However, the Mancunian athlete was at pains to explain that it hadn't been one single trick that set her on the path to Olympic glory, rather the culmination of years of practice that had led to a perfect run at the time it really mattered.
"Landing that trick didn't win me the Games, it was the whole run," clarified Worthington, knowing that no matter how much the media like to focus on that 'one' moment, you need a near-perfect 60 seconds to earn a place on an Olympic podium – let alone the top step.
"So as much as I landed that trick, I had a much clearer focus on that second run. I feel like I just went into autopilot. The minute the tyres hit the ground and I was the right way up, I knew it was on."
Injury almost takes its toll
In a sport where giant leaps of faith are an everyday occurrence, injuries are something that naturally accompany them.
Worthington, who missed out on the 2018 edition of the world championships after suffering a concussion, has had her fair share of bumps and bruises. However, just six weeks out from the Games, she suffered a re-occurrence of a dislocated shoulder that put her training – and even participation at the Olympics – in jeopardy.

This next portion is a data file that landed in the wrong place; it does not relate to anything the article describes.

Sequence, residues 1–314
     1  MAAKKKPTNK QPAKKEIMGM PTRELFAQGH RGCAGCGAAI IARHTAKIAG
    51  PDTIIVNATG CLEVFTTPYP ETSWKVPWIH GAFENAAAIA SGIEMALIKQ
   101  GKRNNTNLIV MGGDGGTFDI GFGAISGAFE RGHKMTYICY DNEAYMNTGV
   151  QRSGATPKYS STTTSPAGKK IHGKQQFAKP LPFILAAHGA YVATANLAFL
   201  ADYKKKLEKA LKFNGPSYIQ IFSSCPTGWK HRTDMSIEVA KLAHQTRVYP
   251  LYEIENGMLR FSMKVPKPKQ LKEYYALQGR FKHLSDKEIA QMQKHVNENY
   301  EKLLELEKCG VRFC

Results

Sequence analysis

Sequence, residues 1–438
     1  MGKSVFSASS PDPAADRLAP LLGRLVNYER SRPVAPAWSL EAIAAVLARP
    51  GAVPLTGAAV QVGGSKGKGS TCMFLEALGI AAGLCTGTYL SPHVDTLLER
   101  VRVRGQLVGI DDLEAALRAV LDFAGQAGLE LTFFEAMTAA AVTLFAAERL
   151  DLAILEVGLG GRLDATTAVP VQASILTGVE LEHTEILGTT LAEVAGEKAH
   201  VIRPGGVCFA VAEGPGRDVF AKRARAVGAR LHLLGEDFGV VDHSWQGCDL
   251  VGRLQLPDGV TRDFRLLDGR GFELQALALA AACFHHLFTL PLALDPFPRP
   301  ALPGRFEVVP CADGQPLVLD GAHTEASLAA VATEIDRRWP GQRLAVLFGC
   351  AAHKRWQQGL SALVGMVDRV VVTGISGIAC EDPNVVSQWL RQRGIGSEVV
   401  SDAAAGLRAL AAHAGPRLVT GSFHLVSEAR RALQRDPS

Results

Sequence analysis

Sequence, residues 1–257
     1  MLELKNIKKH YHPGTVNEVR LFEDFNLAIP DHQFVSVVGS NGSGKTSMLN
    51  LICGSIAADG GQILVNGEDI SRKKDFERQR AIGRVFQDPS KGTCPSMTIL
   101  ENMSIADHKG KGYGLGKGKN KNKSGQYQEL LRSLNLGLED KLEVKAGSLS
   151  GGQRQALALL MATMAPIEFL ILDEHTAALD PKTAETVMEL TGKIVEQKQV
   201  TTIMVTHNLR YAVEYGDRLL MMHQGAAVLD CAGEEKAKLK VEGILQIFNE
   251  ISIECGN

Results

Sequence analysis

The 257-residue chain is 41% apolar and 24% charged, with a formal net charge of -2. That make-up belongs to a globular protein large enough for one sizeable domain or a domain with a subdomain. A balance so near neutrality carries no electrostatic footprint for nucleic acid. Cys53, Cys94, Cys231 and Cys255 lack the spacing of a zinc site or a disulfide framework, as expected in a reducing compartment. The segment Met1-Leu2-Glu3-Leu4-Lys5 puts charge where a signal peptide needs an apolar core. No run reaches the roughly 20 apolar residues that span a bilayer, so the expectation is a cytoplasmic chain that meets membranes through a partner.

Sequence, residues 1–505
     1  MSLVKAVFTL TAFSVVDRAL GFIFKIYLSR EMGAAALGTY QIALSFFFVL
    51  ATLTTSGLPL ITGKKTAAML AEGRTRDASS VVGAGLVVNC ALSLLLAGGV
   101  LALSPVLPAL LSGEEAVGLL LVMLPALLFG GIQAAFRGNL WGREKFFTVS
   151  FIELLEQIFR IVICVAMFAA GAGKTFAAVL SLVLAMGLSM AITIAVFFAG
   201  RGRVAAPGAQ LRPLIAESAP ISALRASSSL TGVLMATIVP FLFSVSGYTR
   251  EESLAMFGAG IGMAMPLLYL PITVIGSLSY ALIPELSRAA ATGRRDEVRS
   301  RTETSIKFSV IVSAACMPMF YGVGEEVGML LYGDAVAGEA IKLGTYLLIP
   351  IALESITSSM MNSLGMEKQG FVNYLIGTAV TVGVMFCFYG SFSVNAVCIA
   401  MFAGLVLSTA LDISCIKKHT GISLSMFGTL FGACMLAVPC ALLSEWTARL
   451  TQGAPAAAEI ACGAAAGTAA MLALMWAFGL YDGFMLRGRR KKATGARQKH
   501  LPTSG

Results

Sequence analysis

"Six weeks out from the Games, it came out of something that was really nothing. It was really like, 'as if that has just happened!'
"It's almost a good thing I've done it before because it bounces back real quick... There were some really low days. We were planning to approach the Games a little differently and there were other tricks I wanted to bring in but as soon as that happened we had to cut down the list and say 'what can we do in this space of time?'"
What Worthington managed to do in that time won her the gold medal, and with it a place in Olympic history.
The legacy of an Olympic champion
So what's next for the first-ever BMX freestyle Olympic gold medallist?